My first year as a graduate student coincided with Mrs Thatcher’s first great assault on academic culture in UK universities. There were calls for academics to experience the ‘real world’ of business and industry. This was rather faithfully captured in the David Lodge 1988 satire Nice Work. Academics played along, some rather enjoying sabbaticals and secondments which sidestepped the circadian rhythm of the academic calendar. I remember one of my supervisors returning to campus from such a corporate sojourn and exclaiming in relief at not having to wear a pass or sign in to a laboratory. Universities were seen as freely accessible to all who should wish to wander their halls, libraries and galleries. This was the era of the ‘big civic’ university. The university opened its doors to the city, and the city took pride in its university.
Thirty-five years on and one of the many manifestations of the surveillance culture which operates in UK universities has been the incremental imposition of barriers and swipecards which exclude the non-paying citizenry. This has always irked me. Universities have sacrificed that sense of spontaneity in favour of number plate recognition, and the HR team safely penned into an impregnable executive suite.
Oddly this fetishisation with security – usually justified with infantilising appeals to protection of vulnerable young people (or technical equipment) – does not obtain in most US universities I have visited. Granted I may be caught in the sights of a sniper rifle or mown down by an armoured car, patrolling courtesy of the 1033 program that transfers surplus military weapons to both city and university police forces, but nevertheless, I can probably browse the bookstore, run the track and blag my way into the swimming pool without arousing too much suspicion.
Richard Hall’s blog 7th November 2016 talks about reasons for his despondency over the future of academia. He laments the closing-down of our wider connections to civil society, by which he means an open and critical engagement with the intellectual concerns of the civitas, but I think we can also mourn this immuring of universities which symbolizes their anti-intellectual and corporatist trajectory.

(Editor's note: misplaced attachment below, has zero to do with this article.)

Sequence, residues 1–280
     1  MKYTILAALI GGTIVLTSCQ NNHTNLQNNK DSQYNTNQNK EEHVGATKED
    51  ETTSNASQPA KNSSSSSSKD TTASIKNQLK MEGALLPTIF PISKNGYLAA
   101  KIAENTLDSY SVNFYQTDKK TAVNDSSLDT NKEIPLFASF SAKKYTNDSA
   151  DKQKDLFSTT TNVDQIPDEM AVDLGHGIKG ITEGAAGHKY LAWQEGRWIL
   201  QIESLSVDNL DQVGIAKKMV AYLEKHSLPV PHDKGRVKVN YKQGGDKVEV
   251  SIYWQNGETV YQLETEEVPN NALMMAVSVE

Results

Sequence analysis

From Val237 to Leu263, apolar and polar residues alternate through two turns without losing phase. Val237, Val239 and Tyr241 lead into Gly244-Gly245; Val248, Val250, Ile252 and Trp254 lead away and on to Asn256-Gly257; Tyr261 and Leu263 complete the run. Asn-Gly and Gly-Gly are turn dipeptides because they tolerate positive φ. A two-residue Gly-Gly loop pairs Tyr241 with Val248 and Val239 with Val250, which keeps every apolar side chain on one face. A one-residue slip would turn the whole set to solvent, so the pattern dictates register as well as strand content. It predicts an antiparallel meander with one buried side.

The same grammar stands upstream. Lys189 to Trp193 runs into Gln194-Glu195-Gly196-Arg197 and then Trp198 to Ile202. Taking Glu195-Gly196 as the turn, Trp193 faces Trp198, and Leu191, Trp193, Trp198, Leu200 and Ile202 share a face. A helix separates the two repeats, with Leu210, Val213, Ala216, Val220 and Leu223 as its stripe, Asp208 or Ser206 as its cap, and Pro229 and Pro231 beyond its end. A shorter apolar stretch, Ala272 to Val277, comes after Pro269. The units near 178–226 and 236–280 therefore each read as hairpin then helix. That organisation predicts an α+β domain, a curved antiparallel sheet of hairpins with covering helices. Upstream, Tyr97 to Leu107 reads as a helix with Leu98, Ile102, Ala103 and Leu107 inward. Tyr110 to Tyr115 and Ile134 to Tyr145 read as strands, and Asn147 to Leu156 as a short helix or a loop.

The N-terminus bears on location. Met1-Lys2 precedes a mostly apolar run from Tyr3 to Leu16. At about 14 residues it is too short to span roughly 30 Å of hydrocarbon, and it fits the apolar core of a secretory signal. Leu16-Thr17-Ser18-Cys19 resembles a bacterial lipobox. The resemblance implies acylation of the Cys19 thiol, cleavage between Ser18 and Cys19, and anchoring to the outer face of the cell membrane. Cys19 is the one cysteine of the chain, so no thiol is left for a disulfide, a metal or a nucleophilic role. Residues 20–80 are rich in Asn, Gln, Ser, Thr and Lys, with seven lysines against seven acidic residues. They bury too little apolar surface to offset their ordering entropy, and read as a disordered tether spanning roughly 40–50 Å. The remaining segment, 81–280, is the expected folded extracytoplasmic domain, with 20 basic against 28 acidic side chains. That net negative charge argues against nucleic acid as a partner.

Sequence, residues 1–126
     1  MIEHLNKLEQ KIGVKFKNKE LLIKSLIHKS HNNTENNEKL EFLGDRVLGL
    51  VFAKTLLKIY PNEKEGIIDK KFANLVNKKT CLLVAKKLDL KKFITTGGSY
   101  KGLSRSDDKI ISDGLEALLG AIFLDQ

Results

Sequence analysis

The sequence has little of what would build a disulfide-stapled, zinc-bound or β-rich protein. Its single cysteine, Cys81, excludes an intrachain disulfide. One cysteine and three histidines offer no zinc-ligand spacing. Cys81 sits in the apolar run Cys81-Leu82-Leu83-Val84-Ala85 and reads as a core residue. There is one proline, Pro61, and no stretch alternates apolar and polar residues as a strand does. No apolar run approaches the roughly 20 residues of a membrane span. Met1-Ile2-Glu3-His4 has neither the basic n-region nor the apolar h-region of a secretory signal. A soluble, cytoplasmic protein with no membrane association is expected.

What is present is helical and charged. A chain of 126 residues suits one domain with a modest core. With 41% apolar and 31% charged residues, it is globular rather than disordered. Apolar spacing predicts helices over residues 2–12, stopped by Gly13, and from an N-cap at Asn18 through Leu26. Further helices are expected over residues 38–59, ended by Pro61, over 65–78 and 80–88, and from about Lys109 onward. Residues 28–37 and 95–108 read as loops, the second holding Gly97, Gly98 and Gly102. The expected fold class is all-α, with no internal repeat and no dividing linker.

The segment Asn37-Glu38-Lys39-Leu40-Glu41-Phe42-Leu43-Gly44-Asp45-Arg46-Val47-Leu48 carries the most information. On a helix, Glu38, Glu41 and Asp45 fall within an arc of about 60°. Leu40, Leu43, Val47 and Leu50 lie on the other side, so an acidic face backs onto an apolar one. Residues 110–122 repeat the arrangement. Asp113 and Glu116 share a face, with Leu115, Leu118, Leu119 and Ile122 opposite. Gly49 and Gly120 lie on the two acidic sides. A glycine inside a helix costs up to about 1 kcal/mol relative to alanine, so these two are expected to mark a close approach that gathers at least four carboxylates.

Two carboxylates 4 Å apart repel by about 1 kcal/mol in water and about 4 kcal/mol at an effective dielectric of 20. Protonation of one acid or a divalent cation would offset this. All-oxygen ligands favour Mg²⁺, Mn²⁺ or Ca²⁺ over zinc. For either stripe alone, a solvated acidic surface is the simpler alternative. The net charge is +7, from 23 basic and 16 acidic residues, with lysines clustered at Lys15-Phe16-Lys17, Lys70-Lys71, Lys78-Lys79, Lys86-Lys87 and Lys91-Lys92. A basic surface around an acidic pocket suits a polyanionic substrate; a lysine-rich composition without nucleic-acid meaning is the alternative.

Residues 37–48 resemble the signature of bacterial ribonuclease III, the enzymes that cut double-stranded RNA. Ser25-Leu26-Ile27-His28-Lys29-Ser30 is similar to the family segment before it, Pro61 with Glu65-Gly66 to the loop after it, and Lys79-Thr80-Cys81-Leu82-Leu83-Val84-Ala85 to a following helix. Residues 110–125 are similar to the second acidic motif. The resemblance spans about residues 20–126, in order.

I share Richard’s despondency at the impossibility of universities as spaces for openness and emancipation. I share his despair at our unwilling co-optation and the obstruction of our pedagogical responsibility to offer something better. Where is the space for the curriculum-as-praxis as a means of negating the basis of domination? he asks. It seems impossible to protect universities as spaces of free enquiry and access.
A post last week by Paul Prinsloo argued that not doing anything can still be a form of activism. There is a recognition that in managerial cultures, those who resist are marginalised, and Richard complains that playing in the margins seems like hopelessness. So I think Richard and I, and everyone else who is feeling defeated by audit culture, surveillance and pedagogical asphyxiation should embrace Paul’s idea of hospicing which, he writes, “entails accepting the death/decline of a system and accepting that due to various factors, that you cannot directly intervene/act, but you also don’t allow yourself to walk away. In hospicing as activism, you remain involved, caring for a system in decline to the extent that the system allows you to care for it, nothing more, nothing less”. It is not inertness; rather it requires analysis and bearing critical witness. And a great deal of unreciprocated caring.
Paul Prinsloo ends with this moving sentiment. “But activism most probably also requires a letting go, a critical self-knowledge of your own locus of control, and things beyond your locus of control. Activism involves self-care, allowing the community to care for you, to shield you, to hide you, to allow others to speak on your behalf”. At least we can do that for each other. Offer affirmation. Support. The university will survive because we are the university. Pass it on, and don’t build that wall.